Now, the officer has responded in an online video, suggesting that he brought the pictures as a "no-shoot training aid," and that he might be a pawn in a broader conspiracy to bring down the chief of the Port Canaveral Police Department.
So what began as a national upwelling of outrage at what appeared to be an appalling piece of judgment has now seemingly become a nationwide airing of a squabble within one small Florida police department.
It is a reminder of the power and speed of the Internet to ruin – and perhaps resuscitate – reputations all within the space of a weekend. With his video response, the accused officer, Ron King, has taken his case directly to a nation of YouTubers, putting pressure on Port Canaveral to disprove his assertions and justify his firing – all while an attendant America watches and judges.
Because Port Canaveral police oversee the port, not any municipality, it was the Port Authority's CEO, Jim Walsh, who announced Mr. King's firing Friday. "Whether it was his stupidity or his hatred, [this is] not acceptable," Mr. Walsh said, according to news reports.
But King's video rebuttal Sunday portrays him as the victim. In it, he admitted to buying targets that show gun crosshairs on a black hooded sweatshirt with Skittles in one pocket and an iced tea in one hand – which is what Trayvon was wearing, and what he had gone to a convenience store to buy, when he was shot. But as a firearms-safety trainer for more than 20 years, King said he saw it as a potential training tool.
"While others have used it as a novelty, I view it as a tool for scenario-based firearms training," he said.
At another point in the video, he said: "As an instructor in the law enforcement field, I can tell you that using real-life situations as a training scenario is not uncommon."
His purpose, he added, was to "look for training methods to prevent another such situation."
In the video, he apologizes to the Martin family, suggesting that others are using "the Martin family and myself as a way to further their own political and career agendas."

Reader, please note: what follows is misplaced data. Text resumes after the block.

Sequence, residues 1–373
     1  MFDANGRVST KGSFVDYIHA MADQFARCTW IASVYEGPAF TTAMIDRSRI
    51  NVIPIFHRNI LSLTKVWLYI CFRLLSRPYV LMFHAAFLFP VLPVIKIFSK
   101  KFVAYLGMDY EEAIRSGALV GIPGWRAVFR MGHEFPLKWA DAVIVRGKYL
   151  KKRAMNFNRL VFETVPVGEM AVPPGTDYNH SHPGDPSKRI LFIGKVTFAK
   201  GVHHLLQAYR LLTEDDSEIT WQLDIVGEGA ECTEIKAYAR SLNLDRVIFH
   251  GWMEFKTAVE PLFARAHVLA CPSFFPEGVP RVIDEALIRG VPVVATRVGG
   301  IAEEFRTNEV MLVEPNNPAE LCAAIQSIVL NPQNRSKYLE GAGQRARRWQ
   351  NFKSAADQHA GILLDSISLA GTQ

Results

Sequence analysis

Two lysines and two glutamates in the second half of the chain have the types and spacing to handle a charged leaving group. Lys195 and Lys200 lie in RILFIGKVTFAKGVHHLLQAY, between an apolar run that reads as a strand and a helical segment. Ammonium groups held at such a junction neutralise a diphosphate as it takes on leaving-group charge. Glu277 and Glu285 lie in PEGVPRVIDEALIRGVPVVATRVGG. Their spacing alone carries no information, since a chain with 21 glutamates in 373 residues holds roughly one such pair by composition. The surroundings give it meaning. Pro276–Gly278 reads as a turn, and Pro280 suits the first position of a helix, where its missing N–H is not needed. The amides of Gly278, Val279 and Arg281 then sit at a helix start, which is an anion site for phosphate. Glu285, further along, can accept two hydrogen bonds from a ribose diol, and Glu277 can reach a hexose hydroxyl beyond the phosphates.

The person who reported him doesn't like the chief of the department, King said.
"I cannot help but think that he is using this in order to try to shed bad light on the chief in an effort to further that agenda," he added.
Of course, the video proves nothing. Media reports suggest that King's firing came after an internal investigation, and details of that investigation might come to light in coming days – or hours.
But in his video, King has circumvented lawyers or handlers to take his case directly to the American people. While the quality is clearly homemade, the statement has all the trappings of official press statements – King reads from a prepared script and at one point waves pieces of paper that he said are "copies of the statements made by the complaining party and a witness" proving that he said the targets were a "no-shoot training aid."
A USA Today report suggests Walsh was unmoved. "I found the entire situation unacceptable," he said. "It is not the type of behavior that I want a police officer to have on both a personal and professional level."
Trayvon was killed by neighborhood watch captain George Zimmerman on Feb. 26, 2012. Mr. Zimmerman says he was attacked and shot Trayvon in self-defense. The Martin family notes that Trayvon was unarmed and says Zimmerman is at fault. Zimmerman faces a charge of second-degree murder. The trial is expected to begin this June.